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Worthingtons Workshop

Genealogy


Worthington Coat of Arms
Standish Church, Lancaster, England.

About this Page

This article describes the genealogy of my immediate family


Worthington

Family Name

Worthington village, Leicestershire, England is the original locality of the family. The modern version of the name can be derived from three words:
1. 'Worth' derived from the Saxon/Old English name Wurth.
2. 'ing' in the middle of a name usually comes from 'inga', which meant 'belonging to' or 'the people of'.
3. 'ton' Middle English, from Old English tun 'enclosure/farm/village', from Proto-Germanic tunan 'fence'
My surname thus means: The people of the Wurth family farm/village. When William the Conqueror did an account of England in 1086 the name was Normanised to 'Worthington'. The family name originally appears spelled 'Werditone' in the Domesday book of 1086, the record of William the Conquerers possessions in England.
Domesday Book reference: http://domesdaymap.co.uk/place/SK4020/worthington/
also see the ABC TV series/book 'The Adventure of English'
My first name (Robert) is also of Norman derivation:
'Hreod Beraht' means 'Bright Fame'. It first appeared in England during the Norman invasion.

Coat of Arms

Argent- three shakeforks, sable, two and one; crest a goat passant, argent, holding in his mouth an oak branch proper (or vert) , fructed, or; which, translated, means a silver shield with three black, triple-tined stable forks, one below and two above; the crest, a side view of a silver goat, holding in it's mouth a green leafed oak branch with golden acorns.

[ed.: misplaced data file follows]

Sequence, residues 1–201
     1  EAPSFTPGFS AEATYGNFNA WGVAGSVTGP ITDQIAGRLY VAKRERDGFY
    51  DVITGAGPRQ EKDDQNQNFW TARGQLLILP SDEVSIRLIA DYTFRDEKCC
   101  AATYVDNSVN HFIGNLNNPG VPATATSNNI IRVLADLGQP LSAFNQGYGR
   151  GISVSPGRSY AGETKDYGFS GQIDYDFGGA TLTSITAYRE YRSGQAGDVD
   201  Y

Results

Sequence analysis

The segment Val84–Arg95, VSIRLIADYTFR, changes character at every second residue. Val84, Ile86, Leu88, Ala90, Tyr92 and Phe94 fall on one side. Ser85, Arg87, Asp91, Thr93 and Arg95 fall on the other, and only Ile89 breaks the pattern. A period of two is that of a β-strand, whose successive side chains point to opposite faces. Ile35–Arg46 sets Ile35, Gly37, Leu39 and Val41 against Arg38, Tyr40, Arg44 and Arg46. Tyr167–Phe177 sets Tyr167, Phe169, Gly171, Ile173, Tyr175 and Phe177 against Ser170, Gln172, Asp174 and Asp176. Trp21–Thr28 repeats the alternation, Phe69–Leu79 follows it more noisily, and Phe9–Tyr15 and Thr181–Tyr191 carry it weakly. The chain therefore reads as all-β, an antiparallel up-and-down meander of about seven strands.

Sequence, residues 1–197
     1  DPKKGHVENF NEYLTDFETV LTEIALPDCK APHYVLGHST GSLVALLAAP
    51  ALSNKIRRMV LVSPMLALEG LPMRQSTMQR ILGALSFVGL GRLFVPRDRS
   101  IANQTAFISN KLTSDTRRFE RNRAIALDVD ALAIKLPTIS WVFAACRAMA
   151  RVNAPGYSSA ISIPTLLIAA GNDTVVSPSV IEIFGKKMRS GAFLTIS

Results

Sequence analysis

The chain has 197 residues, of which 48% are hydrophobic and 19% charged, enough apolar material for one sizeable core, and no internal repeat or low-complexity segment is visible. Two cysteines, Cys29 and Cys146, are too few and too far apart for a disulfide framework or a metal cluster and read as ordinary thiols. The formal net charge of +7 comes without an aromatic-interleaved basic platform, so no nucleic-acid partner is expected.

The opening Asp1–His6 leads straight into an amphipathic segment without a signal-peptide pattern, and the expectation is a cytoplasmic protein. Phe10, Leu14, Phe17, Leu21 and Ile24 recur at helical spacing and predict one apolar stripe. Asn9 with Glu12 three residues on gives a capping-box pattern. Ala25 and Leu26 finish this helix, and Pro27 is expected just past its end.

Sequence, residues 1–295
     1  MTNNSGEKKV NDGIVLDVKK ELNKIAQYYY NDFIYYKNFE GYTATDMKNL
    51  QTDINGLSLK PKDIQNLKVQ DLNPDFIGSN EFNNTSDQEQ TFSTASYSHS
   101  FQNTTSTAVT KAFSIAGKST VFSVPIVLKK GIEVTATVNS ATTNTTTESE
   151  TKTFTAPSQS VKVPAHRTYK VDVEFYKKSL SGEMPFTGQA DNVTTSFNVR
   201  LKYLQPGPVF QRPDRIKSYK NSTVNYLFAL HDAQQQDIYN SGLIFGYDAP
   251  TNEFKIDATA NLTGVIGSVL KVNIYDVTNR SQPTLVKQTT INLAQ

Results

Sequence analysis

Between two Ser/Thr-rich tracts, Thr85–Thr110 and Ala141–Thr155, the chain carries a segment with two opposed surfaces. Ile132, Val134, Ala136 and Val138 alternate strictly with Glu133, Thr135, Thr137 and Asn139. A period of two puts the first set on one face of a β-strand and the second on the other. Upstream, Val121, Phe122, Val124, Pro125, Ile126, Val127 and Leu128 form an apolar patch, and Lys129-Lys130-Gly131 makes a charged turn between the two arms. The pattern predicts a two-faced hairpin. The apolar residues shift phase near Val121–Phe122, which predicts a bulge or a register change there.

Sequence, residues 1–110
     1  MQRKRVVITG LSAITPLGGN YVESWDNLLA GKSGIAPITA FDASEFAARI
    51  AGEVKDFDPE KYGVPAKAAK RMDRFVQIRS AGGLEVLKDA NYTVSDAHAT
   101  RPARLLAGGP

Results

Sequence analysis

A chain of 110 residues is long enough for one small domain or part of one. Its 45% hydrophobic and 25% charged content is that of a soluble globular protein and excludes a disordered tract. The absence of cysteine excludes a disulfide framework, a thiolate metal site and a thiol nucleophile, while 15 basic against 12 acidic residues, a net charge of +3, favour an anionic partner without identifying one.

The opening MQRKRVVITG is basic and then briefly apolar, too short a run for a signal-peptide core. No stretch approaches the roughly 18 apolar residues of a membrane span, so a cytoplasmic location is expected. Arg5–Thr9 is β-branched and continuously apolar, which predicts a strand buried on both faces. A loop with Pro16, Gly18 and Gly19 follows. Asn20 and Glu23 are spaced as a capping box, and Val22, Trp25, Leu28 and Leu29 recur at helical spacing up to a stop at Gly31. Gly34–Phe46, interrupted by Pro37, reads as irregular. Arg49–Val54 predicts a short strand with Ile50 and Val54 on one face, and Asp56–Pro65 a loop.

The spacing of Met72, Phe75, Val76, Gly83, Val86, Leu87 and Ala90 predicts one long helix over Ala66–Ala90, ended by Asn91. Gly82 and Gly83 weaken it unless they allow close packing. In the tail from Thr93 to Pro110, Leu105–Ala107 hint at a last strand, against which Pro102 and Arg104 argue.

Family Motto

Virtute Dignus Avorum (In virtue worthy of ones ancestors).
The motto and the coat of arms may be seen in Chorley Church, Winslow Parish, Cheshire, England.

Ancestors

Worthington de Worthington, in the reign of Henry III, (1236-1237), was the progenitor of all the Worthingtons of Lancashire.



Armorial Bearings

Most of the armorial bearings of the Worthington families were derived from historic usage, but there is an exception in a coat and crest granted by Christopher Barker, who was Garter King of Arms from 1536 to 1550. No Christian name was recorded, but on the coat was written "Worthington Le Eundum" meaning Worthington of the same place.

Presumably Richard Worthington, who was lord of the manor of Worthington during the period, visited the College in London to make sure that the arms which he and his ancestors were already using were properly authorised, and to protect the family from the possibility of others taking the same arms.